What does Doug learn? How does he use what he already knows? What does he discover? Is the ending a happy one? I’ll answer that last question: YES! You’ll have to read the book to answer the others. Whether you read this with or without a toddler on your lap, there is a lesson here. I’ll leave it to you to find it.

Once again author/illustrator Dan Yaccarino breaks down the greatest complications of life into a story that’s not only fresh and compelling but carries a message straight to the heart, bypassing the inner critic that takes delight in spoiling fun. 

When you visit—and you must!—click on books. Doug is in the upper left hand corner, holding a plug in his hand. You’ll tap your feet to the music in his trailer every time you watch.    

Wednesday, September 11, 2013

How? And Another Why?

This is an anniversary year for Birmingham Alabama, memorializing the sacrifices and struggles of the civil rights movement fifty years ago. Birmingham's role became a catalyst for change far beyond its own streets. This year city leaders are giving special honor to the heroes, those living and dead, those known and unknown, all whose contributions were significant. The city is also looking fifty years forward.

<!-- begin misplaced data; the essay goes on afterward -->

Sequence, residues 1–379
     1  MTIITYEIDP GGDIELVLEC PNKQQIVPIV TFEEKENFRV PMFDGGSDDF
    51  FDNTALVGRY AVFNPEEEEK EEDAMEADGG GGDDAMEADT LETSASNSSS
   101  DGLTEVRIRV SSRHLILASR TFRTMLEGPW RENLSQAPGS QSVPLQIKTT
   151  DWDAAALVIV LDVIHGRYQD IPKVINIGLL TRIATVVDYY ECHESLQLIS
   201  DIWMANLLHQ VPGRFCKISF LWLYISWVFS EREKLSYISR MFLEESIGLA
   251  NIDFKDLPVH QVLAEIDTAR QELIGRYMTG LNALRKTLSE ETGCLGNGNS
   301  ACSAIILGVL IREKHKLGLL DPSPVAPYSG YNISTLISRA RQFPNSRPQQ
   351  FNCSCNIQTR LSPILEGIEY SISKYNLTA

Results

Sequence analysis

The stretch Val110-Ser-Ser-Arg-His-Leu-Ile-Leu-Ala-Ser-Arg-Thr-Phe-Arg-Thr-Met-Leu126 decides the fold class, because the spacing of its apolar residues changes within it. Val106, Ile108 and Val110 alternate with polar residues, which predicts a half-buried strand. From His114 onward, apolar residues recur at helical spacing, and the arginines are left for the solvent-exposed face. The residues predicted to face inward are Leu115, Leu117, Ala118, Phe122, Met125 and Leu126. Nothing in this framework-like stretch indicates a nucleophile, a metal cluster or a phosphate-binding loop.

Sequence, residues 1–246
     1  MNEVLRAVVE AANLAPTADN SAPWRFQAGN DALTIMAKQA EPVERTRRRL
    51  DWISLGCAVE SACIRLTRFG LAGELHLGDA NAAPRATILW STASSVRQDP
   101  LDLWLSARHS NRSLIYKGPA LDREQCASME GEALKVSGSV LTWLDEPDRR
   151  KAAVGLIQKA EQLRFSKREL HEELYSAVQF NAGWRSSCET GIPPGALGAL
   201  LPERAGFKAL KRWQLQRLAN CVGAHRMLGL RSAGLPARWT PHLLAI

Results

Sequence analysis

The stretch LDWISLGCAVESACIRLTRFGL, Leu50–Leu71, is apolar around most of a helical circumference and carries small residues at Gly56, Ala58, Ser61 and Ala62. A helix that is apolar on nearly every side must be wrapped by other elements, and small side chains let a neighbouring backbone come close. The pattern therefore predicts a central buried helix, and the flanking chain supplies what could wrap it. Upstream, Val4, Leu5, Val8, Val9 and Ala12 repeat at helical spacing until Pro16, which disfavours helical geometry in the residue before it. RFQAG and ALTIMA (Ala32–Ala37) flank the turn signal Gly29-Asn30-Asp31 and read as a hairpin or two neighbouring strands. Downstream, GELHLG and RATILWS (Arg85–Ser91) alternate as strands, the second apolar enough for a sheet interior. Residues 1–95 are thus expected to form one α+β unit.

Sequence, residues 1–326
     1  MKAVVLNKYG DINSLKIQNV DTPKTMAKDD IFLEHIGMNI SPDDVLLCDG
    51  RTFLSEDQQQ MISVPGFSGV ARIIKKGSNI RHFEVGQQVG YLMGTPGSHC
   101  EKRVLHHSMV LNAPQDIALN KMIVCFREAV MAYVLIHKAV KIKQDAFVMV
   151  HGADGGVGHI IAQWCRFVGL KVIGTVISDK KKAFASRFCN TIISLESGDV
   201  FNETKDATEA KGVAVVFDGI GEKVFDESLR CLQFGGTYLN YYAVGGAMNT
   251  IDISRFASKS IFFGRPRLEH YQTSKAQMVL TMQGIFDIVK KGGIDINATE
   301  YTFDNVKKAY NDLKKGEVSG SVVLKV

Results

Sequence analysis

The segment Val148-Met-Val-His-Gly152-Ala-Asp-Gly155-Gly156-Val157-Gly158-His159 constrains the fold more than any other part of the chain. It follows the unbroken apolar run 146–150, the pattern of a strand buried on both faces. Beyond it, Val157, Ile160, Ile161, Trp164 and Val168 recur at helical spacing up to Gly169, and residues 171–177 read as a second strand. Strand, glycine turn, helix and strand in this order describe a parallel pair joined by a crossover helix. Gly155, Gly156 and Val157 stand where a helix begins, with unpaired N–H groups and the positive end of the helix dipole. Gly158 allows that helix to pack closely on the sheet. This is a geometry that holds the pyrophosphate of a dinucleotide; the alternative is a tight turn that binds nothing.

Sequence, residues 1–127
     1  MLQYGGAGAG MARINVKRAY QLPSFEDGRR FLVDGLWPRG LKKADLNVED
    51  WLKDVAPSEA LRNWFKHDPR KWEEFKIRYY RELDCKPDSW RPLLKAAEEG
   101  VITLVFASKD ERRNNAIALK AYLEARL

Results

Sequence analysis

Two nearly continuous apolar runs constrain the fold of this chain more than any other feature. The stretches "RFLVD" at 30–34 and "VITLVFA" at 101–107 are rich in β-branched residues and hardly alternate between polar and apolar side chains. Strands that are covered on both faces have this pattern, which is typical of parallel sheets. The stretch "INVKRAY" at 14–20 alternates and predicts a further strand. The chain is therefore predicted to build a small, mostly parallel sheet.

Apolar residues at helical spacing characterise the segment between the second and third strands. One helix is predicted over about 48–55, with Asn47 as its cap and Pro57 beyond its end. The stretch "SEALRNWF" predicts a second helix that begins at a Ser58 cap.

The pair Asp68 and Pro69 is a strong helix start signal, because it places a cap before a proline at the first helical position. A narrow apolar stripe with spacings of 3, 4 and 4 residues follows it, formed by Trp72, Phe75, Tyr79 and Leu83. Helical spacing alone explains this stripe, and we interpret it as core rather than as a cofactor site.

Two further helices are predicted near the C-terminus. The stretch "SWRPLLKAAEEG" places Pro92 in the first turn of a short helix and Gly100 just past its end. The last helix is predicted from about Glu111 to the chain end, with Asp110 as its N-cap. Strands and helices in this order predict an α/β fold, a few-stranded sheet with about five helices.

A struggle must have opposing forces, and young readers, perhaps their parents, too, might wonder how Birmingham came to a brink that caused caring people around the world to gasp in disbelief. Why are events that happened fifty years ago receiving so much attention today?

BLACK AND WHITE: The Confrontation between Reverend Fred L. Shuttlesworth and Eugene “Bull” Connor, by Larry Dane Brimner, Calkins Creek, 2011

The book jacket promises: “Black and White is the unforgettable story of Fred Shuttlesworth’s courageous stand against Bull Connor.”  That promise is met as the story leads the reader into the center of the battle for justice and equality.
Bull Connor championed the ways of the Old South, especially segregation of the races. He often resorted to violence to enforce his tenets.

Reverend Shuttlesworth’s mission was equal rights.  Although his preaching style was considered “fiery”, he practiced nonviolent direct action. 

Both text and archival photographs highlight the dramatic confrontations between the two men. The  power on both sides is intense.
Reverend Shuttlesworth emerges as the stronger of these two forces, only partly because we know how the story turns out. We have had the benefit of time and the judgment of a nation’s conscience.
More is known about Reverend Shuttlesworth. It is doubtful that much would be known about Bull Connor if he and the preacher had not tangled and wrangled and stood firm against each other. Author Brimner points out the similarities between the two men such as their humble backgrounds but notes that their greatest similarity may be their "doggedness."